Open main menu

OrthodoxWiki β

Philadelphia (Asia Minor)

The city of Philadelphia in Asia Minor was an important and wealthy trade center in ancient Lydia that retained its importance until late Byzantine times. The city was addressed as one of the Seven Churches in the Book of Revelation (Rev 3:7 ff) and became an early seat of a bishop.


As an ancient city, Philadelphia was not as ancient as many of the other cities of Asia Minor. It was founded in 189 BC along one of the roads that led to the east toward Pisidia. The city has had a number of names through its existence: "Philadelphia", to honor Attalus II who was honored for his loyalty with the nickname Philadelphos, literally one who loves his brother, by his elder brother, Eumenes II, king of Lydia; "Decapolis", as it was considered one of the ten cities of the plain of Lydia; "Neo-kaisaria", during the first century; and "Flavia", during the reign of the Roman emperor Vespasian. Its modern name is "Alashehir".

In 133 BC, the city passed into the control of the Romans. It was during the few centuries before Christ that Jewish families settled in the cities of western Asia Minor and among whom the apostles, notably Ss. Paul and John the Theologian, visited, labored, and established the first Christian churches. Their efforts are reflected in mention of Philadelphia among the Seven Churches in John's Book of Revelation. The renown of Philadelphia is further attested as the place that St. Ignatius of Antioch visited on his trip to his martyrdom in Rome and to which he sent a letter.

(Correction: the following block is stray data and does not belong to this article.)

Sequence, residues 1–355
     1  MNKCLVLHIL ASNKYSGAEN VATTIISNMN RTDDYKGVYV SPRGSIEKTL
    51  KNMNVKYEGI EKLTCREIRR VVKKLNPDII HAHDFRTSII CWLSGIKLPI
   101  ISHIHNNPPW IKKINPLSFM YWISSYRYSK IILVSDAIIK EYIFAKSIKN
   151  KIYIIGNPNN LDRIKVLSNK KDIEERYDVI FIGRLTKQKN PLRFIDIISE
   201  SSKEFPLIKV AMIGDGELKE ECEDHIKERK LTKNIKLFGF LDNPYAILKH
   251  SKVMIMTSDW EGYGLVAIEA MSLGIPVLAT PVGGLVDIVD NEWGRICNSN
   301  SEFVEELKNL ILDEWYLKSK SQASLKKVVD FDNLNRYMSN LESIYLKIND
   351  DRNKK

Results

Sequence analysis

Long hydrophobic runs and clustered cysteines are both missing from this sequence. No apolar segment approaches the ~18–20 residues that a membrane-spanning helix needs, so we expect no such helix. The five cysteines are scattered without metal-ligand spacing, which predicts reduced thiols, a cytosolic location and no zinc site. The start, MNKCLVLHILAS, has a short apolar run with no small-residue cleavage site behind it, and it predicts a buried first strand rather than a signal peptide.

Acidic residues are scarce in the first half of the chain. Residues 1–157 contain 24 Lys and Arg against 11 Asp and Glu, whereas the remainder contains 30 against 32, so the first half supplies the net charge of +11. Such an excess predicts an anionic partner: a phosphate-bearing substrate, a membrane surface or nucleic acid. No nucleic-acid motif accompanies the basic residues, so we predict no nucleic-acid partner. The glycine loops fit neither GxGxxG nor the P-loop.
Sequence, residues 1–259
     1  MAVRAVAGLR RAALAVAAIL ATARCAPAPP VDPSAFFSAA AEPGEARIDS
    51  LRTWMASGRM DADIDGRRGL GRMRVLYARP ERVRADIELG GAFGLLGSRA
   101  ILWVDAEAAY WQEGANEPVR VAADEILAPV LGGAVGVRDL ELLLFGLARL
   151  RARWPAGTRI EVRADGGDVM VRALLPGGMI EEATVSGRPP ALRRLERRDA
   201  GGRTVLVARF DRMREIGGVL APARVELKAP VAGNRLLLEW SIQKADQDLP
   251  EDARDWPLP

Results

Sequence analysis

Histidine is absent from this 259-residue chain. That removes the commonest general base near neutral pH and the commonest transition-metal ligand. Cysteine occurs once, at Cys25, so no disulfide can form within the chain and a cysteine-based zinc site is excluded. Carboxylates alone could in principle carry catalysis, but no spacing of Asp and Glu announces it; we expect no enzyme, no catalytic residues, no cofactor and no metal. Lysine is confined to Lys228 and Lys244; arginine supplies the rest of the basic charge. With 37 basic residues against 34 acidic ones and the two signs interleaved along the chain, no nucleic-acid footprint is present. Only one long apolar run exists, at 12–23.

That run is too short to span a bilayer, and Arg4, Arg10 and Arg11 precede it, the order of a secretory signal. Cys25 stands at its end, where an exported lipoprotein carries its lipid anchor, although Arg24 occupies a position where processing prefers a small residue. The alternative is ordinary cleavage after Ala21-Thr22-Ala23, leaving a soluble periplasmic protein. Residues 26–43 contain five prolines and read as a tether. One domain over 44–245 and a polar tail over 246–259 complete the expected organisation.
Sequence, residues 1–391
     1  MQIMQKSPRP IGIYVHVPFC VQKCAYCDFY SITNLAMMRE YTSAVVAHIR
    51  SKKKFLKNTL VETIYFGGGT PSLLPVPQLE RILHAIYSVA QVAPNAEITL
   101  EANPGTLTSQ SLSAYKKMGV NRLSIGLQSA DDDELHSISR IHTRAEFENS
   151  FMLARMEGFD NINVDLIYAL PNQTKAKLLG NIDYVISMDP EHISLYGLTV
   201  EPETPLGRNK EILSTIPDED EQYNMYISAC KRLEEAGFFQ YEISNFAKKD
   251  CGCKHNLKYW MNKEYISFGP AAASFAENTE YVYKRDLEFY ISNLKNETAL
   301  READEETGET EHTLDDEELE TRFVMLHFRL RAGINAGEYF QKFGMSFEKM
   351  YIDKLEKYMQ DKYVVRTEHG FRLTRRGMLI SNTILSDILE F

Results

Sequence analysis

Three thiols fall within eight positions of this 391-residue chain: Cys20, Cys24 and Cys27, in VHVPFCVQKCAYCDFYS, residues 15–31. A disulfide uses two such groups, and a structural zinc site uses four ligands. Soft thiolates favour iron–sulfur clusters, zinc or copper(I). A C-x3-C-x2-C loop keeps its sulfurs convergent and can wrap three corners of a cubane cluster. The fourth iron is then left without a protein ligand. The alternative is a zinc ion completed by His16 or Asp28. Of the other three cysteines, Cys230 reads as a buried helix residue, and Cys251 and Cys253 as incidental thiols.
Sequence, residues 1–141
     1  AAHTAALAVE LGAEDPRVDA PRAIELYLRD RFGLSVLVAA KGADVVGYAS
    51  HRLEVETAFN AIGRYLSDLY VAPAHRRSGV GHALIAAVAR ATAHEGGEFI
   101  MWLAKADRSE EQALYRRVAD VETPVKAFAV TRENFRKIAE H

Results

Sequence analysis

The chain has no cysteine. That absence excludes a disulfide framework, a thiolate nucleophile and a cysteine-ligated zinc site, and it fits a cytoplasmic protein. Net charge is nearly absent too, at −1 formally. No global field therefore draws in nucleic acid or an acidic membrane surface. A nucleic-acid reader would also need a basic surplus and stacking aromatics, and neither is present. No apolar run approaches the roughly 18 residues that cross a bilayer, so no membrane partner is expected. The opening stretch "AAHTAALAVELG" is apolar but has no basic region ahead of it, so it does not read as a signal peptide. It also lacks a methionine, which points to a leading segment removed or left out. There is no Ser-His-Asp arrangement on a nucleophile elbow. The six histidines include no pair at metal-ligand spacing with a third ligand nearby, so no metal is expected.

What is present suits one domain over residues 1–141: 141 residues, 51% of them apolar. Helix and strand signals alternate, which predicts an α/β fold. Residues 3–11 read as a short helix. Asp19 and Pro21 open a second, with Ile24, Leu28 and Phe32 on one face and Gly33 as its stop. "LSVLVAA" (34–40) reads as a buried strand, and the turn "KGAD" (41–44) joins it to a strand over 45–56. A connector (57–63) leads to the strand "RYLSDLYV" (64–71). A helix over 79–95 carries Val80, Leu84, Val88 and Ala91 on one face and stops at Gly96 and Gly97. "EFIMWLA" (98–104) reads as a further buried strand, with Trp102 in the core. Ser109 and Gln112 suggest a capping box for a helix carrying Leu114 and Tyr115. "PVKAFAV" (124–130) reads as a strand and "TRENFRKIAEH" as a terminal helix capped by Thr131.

However, being located in the area of the Anatolian fault, Philadelphia suffered greatly though the ages from earthquakes. An earthquake in the year 17 was so devastating that the Roman emperor Tiberius relieved the city of having to pay taxes. Philadelphia remained a prosperous city into Byzantine times. About the year 600, the domed Basilica of St. John was built. But, by the eleventh century, the city had been captured by the Seljuk Turks and, although recovered by Eastern Roman emperor Alexius I, the city would continue as a prize among the warring forces until finally taken by the Turks in 1338, and became Alashehir.